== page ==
Today, when it comes to funeral planning, many choose cremation over burial.
In 2020, 56.1% of Americans chose cremation as their preferred way of honoring their loved ones.
Several factors influence this preference of cremation over burials including their affordability, eco-friendliness, and their acceptance by many religious beliefs including most Christian orders, Hindus, Sikhs, and Buddhists.
A funeral is not only about saying goodbye, but also about expressing your love and respect for someone you lost. Planning the funeral of a loved one is never easy, but knowing the processes involved in different types of cremation services can lessen the stress of funeral planning and help you make your peace with the loss of a loved one.
A traditional funeral allows the family and close friends of the deceased to pay their respects before the cremation. The body will be placed in a casket that can be kept open or closed based on the preference of the family.
If you choose this option, you will then need to proceed with choosing a casket, deciding the visitation and viewing times, and planning the service. You can, of course, discuss this with your funeral service provider and enlist their help in making the necessary arrangements.
A traditional funeral can be held at home, a place of worship, a funeral home, a crematorium, or a graveside. Keep in mind that a crematorium will likely have a time limit for their service, which is often between 15 to 40 minutes.
Cremation and memorial
A memorial after the cremation will include a display of the urn containing the remains, a prayer, a eulogy, and the opportunity for family and friends to share their memories.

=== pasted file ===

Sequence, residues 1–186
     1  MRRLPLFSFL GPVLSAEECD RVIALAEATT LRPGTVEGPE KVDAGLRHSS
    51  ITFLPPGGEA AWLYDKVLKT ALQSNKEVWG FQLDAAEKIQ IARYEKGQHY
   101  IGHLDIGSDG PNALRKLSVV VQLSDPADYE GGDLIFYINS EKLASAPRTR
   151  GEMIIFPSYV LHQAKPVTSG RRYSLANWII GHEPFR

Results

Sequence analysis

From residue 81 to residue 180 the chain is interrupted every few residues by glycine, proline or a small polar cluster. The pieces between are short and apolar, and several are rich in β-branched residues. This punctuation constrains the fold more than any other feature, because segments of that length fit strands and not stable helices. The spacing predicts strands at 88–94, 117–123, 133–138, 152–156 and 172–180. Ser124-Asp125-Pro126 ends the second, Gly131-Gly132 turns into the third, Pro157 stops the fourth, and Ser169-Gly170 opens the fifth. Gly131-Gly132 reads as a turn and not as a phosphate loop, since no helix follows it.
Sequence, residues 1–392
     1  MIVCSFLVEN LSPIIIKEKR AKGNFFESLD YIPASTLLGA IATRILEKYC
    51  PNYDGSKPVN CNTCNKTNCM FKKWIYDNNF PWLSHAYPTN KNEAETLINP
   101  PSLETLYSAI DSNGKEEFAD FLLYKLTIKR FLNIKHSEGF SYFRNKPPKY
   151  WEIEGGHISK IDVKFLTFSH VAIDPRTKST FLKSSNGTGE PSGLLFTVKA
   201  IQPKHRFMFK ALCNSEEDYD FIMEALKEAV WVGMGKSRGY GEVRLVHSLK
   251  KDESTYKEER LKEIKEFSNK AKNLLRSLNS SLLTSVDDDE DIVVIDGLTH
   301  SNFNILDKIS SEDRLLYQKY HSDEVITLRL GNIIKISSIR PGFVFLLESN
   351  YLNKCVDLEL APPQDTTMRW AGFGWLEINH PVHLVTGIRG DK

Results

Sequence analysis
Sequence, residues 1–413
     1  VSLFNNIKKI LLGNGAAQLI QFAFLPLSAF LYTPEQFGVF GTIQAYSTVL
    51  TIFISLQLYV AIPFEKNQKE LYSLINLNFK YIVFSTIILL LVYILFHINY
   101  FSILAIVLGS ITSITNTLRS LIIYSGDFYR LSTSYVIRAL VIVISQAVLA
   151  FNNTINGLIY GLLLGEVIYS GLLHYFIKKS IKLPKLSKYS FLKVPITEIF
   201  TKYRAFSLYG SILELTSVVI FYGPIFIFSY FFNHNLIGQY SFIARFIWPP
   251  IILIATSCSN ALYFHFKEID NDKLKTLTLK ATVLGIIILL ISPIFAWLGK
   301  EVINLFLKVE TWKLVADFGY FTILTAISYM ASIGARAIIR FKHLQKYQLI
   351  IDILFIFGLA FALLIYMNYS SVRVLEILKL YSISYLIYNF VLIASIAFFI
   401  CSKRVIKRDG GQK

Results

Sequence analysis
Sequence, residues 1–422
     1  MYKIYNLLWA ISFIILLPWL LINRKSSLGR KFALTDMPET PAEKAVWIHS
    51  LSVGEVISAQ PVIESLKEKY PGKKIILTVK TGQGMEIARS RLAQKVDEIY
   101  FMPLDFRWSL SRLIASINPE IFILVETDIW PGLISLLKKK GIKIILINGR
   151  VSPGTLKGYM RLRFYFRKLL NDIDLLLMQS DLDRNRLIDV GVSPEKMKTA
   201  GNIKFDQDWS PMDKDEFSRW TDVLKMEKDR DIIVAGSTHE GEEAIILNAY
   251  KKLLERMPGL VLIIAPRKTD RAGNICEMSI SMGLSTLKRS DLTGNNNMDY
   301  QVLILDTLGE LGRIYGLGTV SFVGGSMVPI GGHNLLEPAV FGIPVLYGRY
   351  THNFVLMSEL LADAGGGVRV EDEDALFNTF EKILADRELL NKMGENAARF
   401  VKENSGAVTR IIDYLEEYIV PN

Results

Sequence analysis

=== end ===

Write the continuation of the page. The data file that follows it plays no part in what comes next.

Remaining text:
You can choose to display the urn in a manner that honors your loved one’s life; many display it with flowers, next to a photograph of the deceased, or display medals of honor if the deceased was a veteran.
A graveside memorial, on the other hand, will have a headstone with space for the urn. Family and friends can gather around the headstone for prayer, read scripture, and leave flowers.
Alternatively, you can choose a celebration of life. A celebration of life can take place anywhere after the cremation; a place of worship, at home, a park, or any other venue that holds sentimental value.
In a celebration of life, friends and family gather to share memories, play music, and have performances to commemorate the life and accomplishments of the deceased.
This is the most straightforward among the many types of cremation services and doesn’t involve a casket. A direct cremation is an unattended funeral service where the body is taken directly from the place of death to the crematory, and cremated within 48 hours of death.
After the cremation, the ashes will be placed in an urn and delivered safely to the family. The family can then decide whether to bury the remains in a cemetery plot or scatter the ashes.
A witnessed cremation has some members of the family present during the cremation and is sometimes preceded by a private funeral. This type of cremation allows you to say a final goodbye and the chance to offer keepsakes, even though there is no service.
You can choose this type of funeral to identify the remains and to ensure that the deceased is handled respectfully and in accordance with cultural or religious expectations.
Most crematoriums will have a viewing room that family and loved ones can use for an extra fee to witness the process.
Choose between the types of cremation services to suit individual requirements
There is no right or wrong option when it comes to cremation types. The funeral ceremony you choose can be based on religious beliefs, emotional needs, and the wishes of the deceased.
The type of service you choose can help you relieve the stress of funeral planning and gain some closure to process the loss.